It takes more than “point and shoot” to create a professional headshot. Here’s how to take a good headshot and convey professionalism and personality.
Table of contents
- How to Take a Good Headshot: Prepare to Show Your Professionalism
- Confidence in Front of the Camera
- Confide in Your Photographer
- The Physical Game (The Easy Part)
- The Mental Game (The Hard Part)
- How to Do a Headshot: Make Sure Your Personality Shows Up
- Take Advantage of Your Time with Your Photographer
- Always Make This One Technical Request
- How to Take a Good Headshot: Final Two Cents
These days, potential clients are going to look you up online before they ever meet you. They want to see who you are, what you’ve done and where you earned your law degree.
The headshot you’re using on your website and on social media speaks volumes about how you present yourself — and your personal judgment. Legal marketer Kimberly Rice makes this great point:
“Giving people the right visual cues immediately is critical to getting their attention and gaining their trust. To use and/or post a headshot which does not reflect your ‘current look’ is to appear disingenuous or vain; neither a positive take away.”
If you want to rock your next headshot session, it’s worth doing a bit of planning and preparation to capture the image you want. So, here’s how to figure out what your headshot should convey, and some tips on how to get there.
How to Take a Good Headshot: Prepare to Show Your Professionalism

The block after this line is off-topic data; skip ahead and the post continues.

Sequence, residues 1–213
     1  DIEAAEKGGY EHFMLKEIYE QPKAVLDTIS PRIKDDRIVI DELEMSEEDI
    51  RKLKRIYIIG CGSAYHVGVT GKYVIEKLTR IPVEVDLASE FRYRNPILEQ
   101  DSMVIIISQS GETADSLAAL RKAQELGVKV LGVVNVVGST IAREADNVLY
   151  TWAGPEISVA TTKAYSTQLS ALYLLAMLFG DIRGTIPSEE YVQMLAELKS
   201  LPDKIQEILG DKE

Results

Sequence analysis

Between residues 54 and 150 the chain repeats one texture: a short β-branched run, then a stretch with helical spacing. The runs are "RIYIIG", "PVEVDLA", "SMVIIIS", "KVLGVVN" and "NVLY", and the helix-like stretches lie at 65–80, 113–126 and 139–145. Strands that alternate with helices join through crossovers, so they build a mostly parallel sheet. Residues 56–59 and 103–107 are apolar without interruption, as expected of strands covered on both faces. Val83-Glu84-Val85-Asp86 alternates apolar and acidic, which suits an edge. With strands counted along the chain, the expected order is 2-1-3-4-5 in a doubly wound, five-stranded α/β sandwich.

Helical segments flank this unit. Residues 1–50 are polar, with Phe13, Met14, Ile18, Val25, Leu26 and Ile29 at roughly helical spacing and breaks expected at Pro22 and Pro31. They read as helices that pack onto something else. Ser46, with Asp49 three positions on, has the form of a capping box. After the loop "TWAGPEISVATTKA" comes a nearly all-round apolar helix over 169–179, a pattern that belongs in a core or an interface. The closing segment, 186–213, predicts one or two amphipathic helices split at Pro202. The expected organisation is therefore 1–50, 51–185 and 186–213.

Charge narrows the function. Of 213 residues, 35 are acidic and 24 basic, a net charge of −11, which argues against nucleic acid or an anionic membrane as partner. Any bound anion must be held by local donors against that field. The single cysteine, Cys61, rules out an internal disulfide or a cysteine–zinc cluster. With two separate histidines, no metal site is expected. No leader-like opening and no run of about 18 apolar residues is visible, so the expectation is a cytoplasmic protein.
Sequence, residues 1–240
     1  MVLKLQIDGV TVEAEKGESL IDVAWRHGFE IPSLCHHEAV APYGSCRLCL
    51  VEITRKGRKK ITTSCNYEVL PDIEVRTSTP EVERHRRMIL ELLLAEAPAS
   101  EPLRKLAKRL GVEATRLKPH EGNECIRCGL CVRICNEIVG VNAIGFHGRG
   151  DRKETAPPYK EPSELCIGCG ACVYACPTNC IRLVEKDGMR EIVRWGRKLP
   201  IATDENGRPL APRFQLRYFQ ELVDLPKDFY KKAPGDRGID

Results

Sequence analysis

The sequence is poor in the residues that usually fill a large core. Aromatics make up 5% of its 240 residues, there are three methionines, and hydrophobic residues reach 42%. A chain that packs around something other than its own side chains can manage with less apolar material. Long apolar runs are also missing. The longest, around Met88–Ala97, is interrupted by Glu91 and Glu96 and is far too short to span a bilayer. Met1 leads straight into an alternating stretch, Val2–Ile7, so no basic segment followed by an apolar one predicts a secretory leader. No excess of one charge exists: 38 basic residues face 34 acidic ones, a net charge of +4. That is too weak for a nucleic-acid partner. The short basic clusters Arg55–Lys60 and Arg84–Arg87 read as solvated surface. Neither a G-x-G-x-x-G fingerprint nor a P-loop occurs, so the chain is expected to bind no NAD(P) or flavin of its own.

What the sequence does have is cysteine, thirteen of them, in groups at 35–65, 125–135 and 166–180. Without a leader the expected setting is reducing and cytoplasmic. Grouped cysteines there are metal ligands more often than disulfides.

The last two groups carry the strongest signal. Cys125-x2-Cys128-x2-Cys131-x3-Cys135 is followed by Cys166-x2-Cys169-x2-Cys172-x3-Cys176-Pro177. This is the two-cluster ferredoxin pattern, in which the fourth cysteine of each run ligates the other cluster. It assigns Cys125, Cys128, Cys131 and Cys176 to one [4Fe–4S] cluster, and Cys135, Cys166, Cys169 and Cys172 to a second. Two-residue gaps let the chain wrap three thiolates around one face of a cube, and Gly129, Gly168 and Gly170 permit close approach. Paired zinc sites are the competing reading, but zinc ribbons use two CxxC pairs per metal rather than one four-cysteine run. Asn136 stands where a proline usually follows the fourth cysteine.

Take yourself seriously and put yourself together. Looking “professional” sounds easy — and we all know what it means. But here are a few things you should pay attention to before you show up for your photo shoot.
1. What will you wear?
Don’t wait until the last minute. Try everything on at home. Look in a mirror and ask, “Does it fit? Do I really love the way it looks on me?” If not, try something else or go shopping.
Here are pointers for choosing an outfit that will help you look great on camera.
- Is there a shirt or top you wear that seems to prompt compliments? Try it on!
- Pick classic cuts and tailored shapes — what’s trendy now might not be next summer.
- Tailored tops are slimming.
- Pick colors that look good on you. Keep things darker than your skin tone. If you think it might wash you out, it probably will.
- Suits in black, gray or navy always look classic and sophisticated.
- Keep patterns to a minimum. They can be distracting, and when you view them online, tight patterns can appear to strobe and take on a moiré pattern on certain screens. This goes for jackets, suits, ties and shirts.
- Iron your stuff. It can make or break a photo.
- Beware of tank tops or camisoles with lace that read too much like lingerie.
- Is your top see-through? Hold it up to a light and check. If so, wear an appropriate layer beneath it.
- Do you have a pet? Use a lint roller on your clothes before you arrive at the shoot. (Sure, show me pictures of your animal friends, but let’s leave their fur at home.)
2. Don’t forget the rest of you.
Hair, makeup, confidence and attitude can make a big difference. Pay attention to the details!
- Skin. If you shave on the day of the shoot, use a fresh razor and hot water and go slow. Avoid razor burn. And if you wake up with a huge pimple, don’t mess with it! It’s much easier to Photoshop a blemish than to correct for swollen, red, irritated skin.
- Stray hairs. Get up close with your mirror and check for stray eyebrows or unruly ear and nose hair. If you can see it, the camera can, too. If you need a facial or a wax go for it, but do it at least a week before the shoot so any irritation from the procedure has time to fade.
- Feeling puffy? Try to drink mostly water 48 hours in advance of your shoot. As the day approaches, take it easy on the caffeine, alcohol and salty snacks.